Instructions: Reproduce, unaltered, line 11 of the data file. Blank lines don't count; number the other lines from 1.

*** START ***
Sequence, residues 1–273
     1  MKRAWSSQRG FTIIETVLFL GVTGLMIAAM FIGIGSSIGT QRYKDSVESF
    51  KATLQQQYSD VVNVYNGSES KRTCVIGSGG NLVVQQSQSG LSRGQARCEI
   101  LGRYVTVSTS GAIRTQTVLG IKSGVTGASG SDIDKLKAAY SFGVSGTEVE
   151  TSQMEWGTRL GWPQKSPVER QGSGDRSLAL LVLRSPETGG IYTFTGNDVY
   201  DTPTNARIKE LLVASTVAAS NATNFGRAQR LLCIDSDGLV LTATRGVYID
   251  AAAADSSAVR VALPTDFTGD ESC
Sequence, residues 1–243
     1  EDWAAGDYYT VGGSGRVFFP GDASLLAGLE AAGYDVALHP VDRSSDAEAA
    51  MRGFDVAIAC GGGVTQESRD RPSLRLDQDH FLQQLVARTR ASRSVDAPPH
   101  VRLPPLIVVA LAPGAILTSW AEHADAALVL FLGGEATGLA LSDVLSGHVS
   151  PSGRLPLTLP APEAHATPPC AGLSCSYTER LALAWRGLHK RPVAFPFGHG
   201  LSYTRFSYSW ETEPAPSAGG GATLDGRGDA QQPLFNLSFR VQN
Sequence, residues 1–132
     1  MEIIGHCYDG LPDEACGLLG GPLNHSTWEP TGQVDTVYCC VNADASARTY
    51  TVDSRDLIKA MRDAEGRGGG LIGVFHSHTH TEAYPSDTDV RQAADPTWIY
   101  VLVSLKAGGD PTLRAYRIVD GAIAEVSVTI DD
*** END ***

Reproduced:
   101  VRLPPLIVVA LAPGAILTSW AEHADAALVL FLGGEATGLA LSDVLSGHVS